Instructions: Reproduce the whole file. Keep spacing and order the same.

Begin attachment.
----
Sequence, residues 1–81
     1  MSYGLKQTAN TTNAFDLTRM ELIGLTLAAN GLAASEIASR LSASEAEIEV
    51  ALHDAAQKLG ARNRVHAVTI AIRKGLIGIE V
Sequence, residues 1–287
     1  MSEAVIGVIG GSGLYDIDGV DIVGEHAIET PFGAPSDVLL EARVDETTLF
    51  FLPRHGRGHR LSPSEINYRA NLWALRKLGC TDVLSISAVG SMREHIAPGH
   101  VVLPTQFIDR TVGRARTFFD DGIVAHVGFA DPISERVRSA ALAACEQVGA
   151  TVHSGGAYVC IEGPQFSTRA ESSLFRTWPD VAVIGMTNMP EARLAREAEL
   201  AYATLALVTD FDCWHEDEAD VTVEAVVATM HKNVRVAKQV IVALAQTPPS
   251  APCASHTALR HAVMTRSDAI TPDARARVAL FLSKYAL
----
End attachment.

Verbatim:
Sequence, residues 1–81
     1  MSYGLKQTAN TTNAFDLTRM ELIGLTLAAN GLAASEIASR LSASEAEIEV
    51  ALHDAAQKLG ARNRVHAVTI AIRKGLIGIE V
Sequence, residues 1–287
     1  MSEAVIGVIG GSGLYDIDGV DIVGEHAIET PFGAPSDVLL EARVDETTLF
    51  FLPRHGRGHR LSPSEINYRA NLWALRKLGC TDVLSISAVG SMREHIAPGH
   101  VVLPTQFIDR TVGRARTFFD DGIVAHVGFA DPISERVRSA ALAACEQVGA
   151  TVHSGGAYVC IEGPQFSTRA ESSLFRTWPD VAVIGMTNMP EARLAREAEL
   201  AYATLALVTD FDCWHEDEAD VTVEAVVATM HKNVRVAKQV IVALAQTPPS
   251  APCASHTALR HAVMTRSDAI TPDARARVAL FLSKYAL